There is a certain luxury in living life across borders and a certain jauntiness that comes with that in the purposeful blending of cuisines. Having lived in India, Japan and now the US and including my travels in Europe, I have mentally collected, hoarded really, several cooking ideologies and traditions.
At times, this wide range of experience makes me want to play and experiment without necessity and just for the pleasure and thrill of it. This is in broad terms called fusion cuisine. I am all for it because it is whimsical and filled with flow. But, it really serves no real purpose or fills no void. It is simply an expression of art.
At other times, I am struck by the simplicity with which a solution to a dietary constraint can be so easily borrowed from another cuisine and near seamlessly applied. This isn't a hack, it is progressive collaboration.
On a recent visit to South India, I reconnected with the vast variety of the regional cuisine and reacquainted myself with dishes I had lost touch with. One day, as I was eating the oh-so-delicate
and was struck by an epiphany; Indian cuisine has several naturally gluten free, vegetarian and vegan ideas! All it needed was a bit of adaptation for a different application or palate.
Of that stroke was born a few ideas that are approachable, accessibly, non-curry like in taste and entirely functional in the Western eating agenda.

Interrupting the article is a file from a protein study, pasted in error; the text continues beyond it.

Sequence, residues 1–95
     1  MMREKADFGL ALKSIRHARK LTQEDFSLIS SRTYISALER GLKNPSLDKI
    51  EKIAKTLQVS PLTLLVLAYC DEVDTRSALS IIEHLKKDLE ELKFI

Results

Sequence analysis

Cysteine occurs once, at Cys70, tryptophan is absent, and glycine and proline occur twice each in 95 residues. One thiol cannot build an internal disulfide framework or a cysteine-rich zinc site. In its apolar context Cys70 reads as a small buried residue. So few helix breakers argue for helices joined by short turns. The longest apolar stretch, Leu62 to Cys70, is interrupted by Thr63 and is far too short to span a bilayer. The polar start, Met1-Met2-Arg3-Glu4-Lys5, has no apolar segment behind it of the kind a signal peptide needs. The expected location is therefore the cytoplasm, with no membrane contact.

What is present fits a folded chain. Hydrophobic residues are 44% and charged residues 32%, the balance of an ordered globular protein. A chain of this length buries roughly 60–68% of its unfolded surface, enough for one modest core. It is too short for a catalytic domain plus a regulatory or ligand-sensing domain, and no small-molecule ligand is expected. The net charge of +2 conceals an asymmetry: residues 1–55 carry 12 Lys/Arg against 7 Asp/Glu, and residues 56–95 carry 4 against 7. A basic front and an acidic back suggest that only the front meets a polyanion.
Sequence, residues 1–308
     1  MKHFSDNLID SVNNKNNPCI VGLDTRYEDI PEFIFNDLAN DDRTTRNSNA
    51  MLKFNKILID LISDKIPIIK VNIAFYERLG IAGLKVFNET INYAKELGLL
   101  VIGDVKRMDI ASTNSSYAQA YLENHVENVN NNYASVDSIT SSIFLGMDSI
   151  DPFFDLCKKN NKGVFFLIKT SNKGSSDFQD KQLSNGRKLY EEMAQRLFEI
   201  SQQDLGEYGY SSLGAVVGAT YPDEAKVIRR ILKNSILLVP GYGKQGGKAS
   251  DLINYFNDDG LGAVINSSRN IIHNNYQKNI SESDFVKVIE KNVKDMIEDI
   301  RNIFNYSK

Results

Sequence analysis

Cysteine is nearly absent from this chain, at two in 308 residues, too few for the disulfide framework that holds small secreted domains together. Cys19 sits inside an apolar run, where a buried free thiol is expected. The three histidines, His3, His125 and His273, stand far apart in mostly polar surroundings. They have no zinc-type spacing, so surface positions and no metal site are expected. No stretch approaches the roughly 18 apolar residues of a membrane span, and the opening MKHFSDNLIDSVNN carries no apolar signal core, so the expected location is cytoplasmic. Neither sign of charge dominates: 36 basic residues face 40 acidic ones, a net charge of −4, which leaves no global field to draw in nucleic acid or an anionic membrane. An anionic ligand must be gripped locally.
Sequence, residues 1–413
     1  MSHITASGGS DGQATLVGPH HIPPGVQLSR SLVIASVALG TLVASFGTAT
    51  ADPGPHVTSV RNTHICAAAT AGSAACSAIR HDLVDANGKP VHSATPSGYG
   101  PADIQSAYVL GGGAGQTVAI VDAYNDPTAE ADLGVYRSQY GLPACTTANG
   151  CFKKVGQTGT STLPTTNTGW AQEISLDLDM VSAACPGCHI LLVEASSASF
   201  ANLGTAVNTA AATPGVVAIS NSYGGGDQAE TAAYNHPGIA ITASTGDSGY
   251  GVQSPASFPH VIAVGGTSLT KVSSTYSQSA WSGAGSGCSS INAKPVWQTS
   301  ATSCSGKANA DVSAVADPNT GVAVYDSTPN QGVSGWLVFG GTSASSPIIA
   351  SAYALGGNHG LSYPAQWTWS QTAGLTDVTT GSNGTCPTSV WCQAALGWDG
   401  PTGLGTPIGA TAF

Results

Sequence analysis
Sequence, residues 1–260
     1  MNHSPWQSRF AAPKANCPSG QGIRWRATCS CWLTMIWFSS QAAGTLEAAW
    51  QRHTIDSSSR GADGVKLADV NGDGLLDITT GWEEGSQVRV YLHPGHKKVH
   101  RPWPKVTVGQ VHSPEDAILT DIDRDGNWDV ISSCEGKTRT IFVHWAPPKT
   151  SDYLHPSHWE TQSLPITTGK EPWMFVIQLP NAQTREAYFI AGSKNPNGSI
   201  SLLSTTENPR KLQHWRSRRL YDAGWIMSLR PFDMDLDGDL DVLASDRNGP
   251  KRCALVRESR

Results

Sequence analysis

Today, I share one such inspiration with you. A gluten free Quinoa Burger sandwiched between
and stacked with quick pickled onions, homemade garlic aioli and fresh mustard greens. The burger itself is inspired by the aloo tikki with coconut flour forming the binding agent.
The buns, now, are my pride. I played with the ratios to create that rise and sponginess one expects in a burger bun while keeping it entirely gluten free by using chickpea flour. The secret here is resting the batter when mixed. Although the flour does not have gluten, this resting period allows some form of bonds to be formed that mimics the functionality of gluten, making the bread similar in texture and crumb to its gluten equivalent. The optimal resting period is 15-30 minutes. Less than that, the dough bleeds without coming together, any longer and it goes flat and the water separates.
I own, I do not know the chemistry behind this happens, but I tested it numerous times and it works. No other flour, lentil or grain (other than gluten ones), possesses such structural integrity as that of the chickpea. It is no wonder, then, that it is used so extensively in several cuisines that consume a variety of flours in ways other than bread and cake, Italian, Meditteranean, Indian, amongst possibly others, I don't know about.
If you know of other cuisines that use the versatile chickpea in interesting ways, I would love to hear about it!